House bill could deal blow to CNOOC

PUBLISHED : Wednesday, 27 July, 2005, 12:00am
UPDATED : Wednesday, 27 July, 2005, 12:00am

The United States House of Representatives is poised to vote this week on a controversial national energy bill that, if passed, would deal a further setback to CNOOC's quest for Unocal.

Any decision, which would be followed almost immediately by a Senate vote, will come after a US congressional panel amended the bill to ensure that any CNOOC-Unocal deal will be subjected to a protracted 120-day review process.

Legislators want to submit the bill to President George W. Bush for approval before August 1, when congress breaks for a month. The amendment would require the US Department of Energy to conduct a four-month study on China's growing energy demands, pre-empting a separate national security review that under US law is supposed to be handled by the White House-backed Committee on Foreign Investments in the United States (CFIUS). Under the amendment, the committee could only issue its finding 21 days after the study is completed.

'This would be a time-out in the process,' said Republican Joe Barton, chairman of the House Energy and Commerce Committee. 'We're going to stop it for 120 days.'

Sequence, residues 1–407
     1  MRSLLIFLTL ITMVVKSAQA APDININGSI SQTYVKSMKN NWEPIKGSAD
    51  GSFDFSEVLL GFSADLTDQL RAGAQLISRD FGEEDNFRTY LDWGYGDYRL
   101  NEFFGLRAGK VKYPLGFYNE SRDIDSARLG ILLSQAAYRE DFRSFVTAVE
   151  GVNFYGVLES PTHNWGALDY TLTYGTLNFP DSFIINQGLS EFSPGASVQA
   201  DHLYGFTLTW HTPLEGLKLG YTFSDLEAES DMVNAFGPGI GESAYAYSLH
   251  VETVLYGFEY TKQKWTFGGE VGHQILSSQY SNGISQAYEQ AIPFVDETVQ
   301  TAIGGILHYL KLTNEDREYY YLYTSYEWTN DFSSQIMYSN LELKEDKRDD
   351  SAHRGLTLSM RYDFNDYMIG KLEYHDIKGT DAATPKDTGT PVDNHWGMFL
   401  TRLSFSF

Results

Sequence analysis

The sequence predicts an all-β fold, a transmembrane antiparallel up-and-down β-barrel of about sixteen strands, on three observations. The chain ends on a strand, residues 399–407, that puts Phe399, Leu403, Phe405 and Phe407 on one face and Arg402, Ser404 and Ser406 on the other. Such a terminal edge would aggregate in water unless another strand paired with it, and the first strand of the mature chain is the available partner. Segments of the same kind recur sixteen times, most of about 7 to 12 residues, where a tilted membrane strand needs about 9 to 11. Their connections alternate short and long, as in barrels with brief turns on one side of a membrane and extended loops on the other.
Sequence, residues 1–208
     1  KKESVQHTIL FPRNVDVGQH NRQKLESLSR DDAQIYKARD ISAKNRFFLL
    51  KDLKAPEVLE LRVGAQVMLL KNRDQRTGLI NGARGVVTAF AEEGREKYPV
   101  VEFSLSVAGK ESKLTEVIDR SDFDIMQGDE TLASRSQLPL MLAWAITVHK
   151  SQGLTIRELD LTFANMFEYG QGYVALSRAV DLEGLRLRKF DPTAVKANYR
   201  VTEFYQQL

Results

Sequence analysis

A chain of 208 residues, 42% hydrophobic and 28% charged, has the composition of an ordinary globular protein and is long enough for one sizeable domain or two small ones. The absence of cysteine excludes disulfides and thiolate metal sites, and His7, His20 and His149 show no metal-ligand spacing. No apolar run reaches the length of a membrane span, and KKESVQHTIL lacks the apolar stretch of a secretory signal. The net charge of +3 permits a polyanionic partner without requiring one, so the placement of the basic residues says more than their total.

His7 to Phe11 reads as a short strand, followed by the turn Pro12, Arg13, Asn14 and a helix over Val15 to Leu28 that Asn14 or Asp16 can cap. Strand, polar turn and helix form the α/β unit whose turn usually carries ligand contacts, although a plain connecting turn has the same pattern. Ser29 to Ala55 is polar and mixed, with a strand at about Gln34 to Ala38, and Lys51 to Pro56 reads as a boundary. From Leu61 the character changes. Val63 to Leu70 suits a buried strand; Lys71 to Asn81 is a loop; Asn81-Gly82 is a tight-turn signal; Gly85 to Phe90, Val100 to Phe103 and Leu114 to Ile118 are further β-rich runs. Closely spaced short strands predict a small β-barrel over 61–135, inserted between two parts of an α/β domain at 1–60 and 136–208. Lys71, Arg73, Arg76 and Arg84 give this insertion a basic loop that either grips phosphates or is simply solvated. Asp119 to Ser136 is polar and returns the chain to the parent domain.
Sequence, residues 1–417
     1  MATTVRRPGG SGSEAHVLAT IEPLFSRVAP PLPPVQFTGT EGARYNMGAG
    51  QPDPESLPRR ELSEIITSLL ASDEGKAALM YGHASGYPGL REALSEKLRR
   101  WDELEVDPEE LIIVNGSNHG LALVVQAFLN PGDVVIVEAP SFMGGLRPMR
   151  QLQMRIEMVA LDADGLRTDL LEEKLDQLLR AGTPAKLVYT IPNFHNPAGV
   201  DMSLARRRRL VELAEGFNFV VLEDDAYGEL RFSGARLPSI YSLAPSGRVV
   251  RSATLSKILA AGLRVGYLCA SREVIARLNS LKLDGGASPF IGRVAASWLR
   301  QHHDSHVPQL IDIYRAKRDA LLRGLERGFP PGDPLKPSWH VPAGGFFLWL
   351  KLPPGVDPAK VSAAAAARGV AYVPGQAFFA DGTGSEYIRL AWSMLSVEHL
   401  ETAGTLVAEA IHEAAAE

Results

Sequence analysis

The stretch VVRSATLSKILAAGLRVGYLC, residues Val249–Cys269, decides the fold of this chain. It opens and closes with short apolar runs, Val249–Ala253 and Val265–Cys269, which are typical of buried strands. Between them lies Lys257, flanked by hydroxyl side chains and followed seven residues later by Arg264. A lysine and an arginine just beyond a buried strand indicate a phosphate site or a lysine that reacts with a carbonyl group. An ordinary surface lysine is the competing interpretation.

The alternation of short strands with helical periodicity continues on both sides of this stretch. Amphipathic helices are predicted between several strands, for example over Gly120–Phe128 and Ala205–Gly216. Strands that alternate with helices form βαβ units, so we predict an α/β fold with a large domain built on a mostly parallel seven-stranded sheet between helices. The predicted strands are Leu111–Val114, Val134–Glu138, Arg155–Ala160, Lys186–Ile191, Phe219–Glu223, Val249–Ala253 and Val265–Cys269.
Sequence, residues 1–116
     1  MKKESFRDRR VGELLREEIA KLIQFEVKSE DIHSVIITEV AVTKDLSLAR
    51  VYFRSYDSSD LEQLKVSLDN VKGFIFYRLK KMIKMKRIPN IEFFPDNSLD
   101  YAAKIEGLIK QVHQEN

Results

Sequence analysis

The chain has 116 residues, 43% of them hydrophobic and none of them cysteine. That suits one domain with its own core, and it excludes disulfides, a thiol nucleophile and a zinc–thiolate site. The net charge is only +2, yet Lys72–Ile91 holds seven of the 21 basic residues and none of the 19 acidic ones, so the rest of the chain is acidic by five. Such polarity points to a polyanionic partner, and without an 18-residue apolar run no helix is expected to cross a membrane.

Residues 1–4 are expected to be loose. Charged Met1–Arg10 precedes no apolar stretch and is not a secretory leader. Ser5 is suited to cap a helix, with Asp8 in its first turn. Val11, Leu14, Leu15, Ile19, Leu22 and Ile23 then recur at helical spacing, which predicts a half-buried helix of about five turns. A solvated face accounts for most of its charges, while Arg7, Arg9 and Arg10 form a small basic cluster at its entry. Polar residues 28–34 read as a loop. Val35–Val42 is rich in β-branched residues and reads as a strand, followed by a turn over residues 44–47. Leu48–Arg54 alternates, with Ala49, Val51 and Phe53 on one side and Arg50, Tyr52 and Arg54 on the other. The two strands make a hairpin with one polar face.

Critics of the amendment said it was an unnecessary duplication of the CFIUS review process. In a letter to Mr Barton, Republican representative Tom Davis said the additional review 'would be a waste of taxpayer dollars and set an unfortunate precedent'.

Meanwhile, a filing by Unocal to the US Securities and Exchange Commission sheds new light on just how close the company's board of directors was to switching its support away from a rival bid by Chevron in favour of CNOOC's offer.

Unocal chief executive Charles Williamson contacted CNOOC chief executive Fu Chengyu on July 15 and 'urged him to make his best offer'.

Mr Fu called back the next day, saying he had approval from CNOOC's board to raise his offer by US$2 per share to US$69. However, Mr Fu said he would only raise the bid if Unocal agreed to pay a US$500 million breakup fee to Chevron, and to help lobby Congress in support of the bid, according to the filing.

In response, Mr Williamson 'expressed dissatisfaction' with the idea that Unocal should cover the breakup fee and said he was prevented from lobbying Congress by the contractual terms of the existing agreement with Chevron.